Words that wound and words that heal

treeAs a non-partisan organization devoted to empowering teens to grow into healthy and connected Jewish adults, Moving Traditions was inspired to see a woman top a presidential ticket, and that she spoke to the vision of a society built on equity, access, and dignity for all.

Many Jewish teens saw this as a sign that society was progressing and new horizons were opening. While this candidate did not win, as my colleague Rabbi Tamara Cohen points out, it is important to the next generation that we celebrate women taking risks and stepping into leadership.

Much more problematic — and what causes us great anguish today — is that Jewish teens heard many harsh words this election season: “locker room talk,” name-calling, racism, misogyny, mockery, demonizing, and ridicule. And the man who used this speech as the basis for his campaign was rewarded for this behavior.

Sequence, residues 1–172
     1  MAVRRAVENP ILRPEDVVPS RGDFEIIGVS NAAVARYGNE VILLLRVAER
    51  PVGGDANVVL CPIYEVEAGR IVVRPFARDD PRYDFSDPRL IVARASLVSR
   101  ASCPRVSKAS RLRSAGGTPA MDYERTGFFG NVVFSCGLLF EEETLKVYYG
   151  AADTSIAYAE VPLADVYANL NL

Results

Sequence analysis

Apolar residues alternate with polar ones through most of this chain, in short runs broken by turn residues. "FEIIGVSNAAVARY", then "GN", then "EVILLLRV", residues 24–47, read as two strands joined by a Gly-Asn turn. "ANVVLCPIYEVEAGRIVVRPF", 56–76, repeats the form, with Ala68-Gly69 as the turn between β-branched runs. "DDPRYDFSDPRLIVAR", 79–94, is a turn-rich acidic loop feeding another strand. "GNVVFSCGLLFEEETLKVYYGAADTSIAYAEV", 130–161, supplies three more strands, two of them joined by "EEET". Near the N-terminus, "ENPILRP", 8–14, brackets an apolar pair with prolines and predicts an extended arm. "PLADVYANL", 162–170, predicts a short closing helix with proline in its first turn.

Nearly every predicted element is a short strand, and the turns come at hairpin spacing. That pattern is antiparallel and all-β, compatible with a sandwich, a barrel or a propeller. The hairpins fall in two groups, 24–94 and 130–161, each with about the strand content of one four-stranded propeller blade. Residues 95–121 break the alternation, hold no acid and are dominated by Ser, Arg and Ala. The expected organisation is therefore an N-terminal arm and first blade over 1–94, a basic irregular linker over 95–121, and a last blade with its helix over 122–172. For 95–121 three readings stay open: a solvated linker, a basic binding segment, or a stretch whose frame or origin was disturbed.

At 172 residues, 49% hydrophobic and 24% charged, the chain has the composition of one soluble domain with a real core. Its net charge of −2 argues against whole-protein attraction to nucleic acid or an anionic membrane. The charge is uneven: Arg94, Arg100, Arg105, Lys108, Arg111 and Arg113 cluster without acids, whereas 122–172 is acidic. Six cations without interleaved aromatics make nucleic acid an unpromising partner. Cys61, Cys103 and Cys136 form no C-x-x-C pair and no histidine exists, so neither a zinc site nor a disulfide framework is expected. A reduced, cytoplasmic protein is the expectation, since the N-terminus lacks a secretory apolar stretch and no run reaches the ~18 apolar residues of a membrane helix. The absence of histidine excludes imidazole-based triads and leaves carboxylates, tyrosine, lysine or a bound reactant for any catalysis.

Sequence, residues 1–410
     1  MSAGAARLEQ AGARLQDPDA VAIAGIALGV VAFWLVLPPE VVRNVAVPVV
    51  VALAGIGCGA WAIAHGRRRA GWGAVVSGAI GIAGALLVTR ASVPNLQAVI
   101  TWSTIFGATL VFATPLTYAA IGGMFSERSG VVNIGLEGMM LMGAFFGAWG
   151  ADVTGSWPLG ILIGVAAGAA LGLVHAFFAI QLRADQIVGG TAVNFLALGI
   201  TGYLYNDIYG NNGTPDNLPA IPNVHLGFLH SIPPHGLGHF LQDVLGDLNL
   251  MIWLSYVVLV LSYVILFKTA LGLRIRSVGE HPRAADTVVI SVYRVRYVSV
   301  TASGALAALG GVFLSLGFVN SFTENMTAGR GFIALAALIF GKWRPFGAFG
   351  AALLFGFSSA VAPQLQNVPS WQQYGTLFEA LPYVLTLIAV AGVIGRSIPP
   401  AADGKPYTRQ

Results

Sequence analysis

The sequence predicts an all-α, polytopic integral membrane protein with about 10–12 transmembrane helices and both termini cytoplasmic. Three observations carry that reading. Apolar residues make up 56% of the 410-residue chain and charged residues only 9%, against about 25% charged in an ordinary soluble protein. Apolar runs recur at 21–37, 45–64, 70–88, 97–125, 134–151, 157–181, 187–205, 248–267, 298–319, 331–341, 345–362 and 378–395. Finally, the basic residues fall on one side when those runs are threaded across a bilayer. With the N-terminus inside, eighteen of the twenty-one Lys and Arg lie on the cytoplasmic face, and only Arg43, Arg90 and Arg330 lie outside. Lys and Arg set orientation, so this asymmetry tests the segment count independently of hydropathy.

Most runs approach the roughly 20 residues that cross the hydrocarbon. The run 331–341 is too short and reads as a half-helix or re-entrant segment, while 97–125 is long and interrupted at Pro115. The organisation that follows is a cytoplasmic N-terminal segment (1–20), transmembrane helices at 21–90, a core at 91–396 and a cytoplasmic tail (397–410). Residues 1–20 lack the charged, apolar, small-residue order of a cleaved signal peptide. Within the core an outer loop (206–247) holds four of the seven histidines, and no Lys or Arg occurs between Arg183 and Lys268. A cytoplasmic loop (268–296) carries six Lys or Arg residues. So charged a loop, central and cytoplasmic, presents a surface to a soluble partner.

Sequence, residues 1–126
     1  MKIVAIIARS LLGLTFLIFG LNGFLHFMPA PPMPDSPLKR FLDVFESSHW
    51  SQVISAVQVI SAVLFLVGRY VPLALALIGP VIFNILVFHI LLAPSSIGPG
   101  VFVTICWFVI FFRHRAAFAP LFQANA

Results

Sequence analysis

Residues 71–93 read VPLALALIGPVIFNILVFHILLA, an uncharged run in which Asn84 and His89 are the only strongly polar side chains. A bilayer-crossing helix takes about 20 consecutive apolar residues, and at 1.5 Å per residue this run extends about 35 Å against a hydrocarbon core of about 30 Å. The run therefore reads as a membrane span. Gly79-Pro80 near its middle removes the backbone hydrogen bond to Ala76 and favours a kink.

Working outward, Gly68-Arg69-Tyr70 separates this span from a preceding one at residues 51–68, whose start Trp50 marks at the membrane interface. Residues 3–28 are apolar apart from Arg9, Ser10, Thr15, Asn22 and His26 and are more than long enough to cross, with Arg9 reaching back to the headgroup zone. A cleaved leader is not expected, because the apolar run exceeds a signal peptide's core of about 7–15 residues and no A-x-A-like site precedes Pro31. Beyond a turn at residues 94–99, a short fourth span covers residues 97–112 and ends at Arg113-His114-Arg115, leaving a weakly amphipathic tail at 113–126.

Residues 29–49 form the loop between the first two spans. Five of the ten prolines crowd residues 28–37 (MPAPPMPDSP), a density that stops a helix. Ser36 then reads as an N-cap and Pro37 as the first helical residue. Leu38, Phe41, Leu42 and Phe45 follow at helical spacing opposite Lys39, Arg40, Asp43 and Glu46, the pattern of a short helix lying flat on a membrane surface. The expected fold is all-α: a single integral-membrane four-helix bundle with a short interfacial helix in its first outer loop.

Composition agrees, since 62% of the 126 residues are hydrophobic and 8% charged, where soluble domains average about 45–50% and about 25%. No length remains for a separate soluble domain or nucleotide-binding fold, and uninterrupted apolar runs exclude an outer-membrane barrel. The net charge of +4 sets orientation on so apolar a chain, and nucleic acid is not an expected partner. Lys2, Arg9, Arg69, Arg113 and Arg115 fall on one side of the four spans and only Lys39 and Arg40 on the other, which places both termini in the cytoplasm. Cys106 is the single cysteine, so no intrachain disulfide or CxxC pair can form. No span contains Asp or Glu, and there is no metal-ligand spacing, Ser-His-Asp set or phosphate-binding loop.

How do we counter this life lesson from the political world? How do we assure Jewish teens that decency and civility and kindness are more valuable than a sharp tongue?

As my colleague Rabbi Daniel Brenner teaches, over three thousand years ago our sages wrote, “A healing tongue is a tree of life.” (Proverbs 15:4)

In the days ahead, we will need to find words that heal the divide between people with different backgrounds, fears, and beliefs.

We will need to hold up for ourselves and the next generation words that are a “tree of life” — that nourish and protect all who stand underneath their branches.

In the days ahead, let us work together to find these words, within the Jewish community and beyond.

With gratitude for all you do to help Moving Traditions guide Jewish teens,

Deborah Meyer

Educators: Click here to learn more about talking to teens in this political environment

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